1640s, "pertaining to sympathy," from Modern Latin sympatheticus, from late Greek sympathetikos "having sympathy," from sympathein, from sympathes "having a fellow feeling, affected by like feelings" (see sympathy). In English, the meaning "having fellow feeling, susceptible to altruistic feelings" is recorded from 1718.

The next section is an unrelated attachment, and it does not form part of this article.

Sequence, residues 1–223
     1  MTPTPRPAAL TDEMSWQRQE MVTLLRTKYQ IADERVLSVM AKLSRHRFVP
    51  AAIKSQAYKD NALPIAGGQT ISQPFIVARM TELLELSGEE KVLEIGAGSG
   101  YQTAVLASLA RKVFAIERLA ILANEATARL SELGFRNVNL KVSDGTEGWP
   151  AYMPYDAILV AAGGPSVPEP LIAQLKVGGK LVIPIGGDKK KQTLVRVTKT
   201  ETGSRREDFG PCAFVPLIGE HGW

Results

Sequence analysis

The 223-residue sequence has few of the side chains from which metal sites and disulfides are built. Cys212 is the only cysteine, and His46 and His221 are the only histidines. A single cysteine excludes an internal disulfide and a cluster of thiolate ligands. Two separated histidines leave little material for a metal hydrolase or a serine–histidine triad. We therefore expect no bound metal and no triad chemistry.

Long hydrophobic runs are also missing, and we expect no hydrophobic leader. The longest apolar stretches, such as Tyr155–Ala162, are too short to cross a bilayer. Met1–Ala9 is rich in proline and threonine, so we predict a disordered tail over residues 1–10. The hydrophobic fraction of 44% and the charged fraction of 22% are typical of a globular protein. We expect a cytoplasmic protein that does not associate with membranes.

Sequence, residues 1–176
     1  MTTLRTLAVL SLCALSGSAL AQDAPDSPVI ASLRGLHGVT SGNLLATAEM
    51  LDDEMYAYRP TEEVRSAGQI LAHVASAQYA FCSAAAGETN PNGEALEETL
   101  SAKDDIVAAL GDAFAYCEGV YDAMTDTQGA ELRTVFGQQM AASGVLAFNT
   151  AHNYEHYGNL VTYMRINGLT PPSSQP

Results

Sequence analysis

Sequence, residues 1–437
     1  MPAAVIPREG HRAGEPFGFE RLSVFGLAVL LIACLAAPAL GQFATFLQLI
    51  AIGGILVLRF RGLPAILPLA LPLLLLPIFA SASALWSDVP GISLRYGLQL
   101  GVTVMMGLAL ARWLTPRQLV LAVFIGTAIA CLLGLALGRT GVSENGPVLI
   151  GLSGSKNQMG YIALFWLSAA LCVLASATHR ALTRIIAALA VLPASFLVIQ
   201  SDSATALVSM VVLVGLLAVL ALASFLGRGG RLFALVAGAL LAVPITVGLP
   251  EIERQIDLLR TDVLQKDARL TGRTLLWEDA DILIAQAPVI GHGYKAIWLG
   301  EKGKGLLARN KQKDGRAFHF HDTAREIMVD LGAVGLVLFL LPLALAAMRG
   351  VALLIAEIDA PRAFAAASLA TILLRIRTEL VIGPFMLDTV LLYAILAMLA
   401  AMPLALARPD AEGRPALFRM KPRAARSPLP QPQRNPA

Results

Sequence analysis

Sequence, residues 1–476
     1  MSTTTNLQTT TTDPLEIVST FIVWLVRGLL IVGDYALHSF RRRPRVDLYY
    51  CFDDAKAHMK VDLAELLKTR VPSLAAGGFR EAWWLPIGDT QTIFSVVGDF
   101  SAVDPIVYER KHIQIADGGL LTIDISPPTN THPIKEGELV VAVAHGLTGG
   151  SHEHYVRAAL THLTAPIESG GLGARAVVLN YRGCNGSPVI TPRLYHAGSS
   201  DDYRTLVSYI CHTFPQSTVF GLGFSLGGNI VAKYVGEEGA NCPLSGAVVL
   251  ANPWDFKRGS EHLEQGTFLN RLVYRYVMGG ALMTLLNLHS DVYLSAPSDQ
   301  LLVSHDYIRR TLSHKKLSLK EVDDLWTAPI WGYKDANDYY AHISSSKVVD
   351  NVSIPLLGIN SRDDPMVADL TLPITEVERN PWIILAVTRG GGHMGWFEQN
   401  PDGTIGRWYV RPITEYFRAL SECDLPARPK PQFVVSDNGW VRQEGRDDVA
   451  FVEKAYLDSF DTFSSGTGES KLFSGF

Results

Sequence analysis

In the anatomical sense, "subject to a common nervous influence," the word is attested from 1769, from Modern Latin (nervus) sympathicus, coined by Jacques-Benigne Winslow (1669-1760), Danish anatomist living in Paris. Related: Sympathetical (1630s); Sympathetically (1620s).
updated on January 07, 2014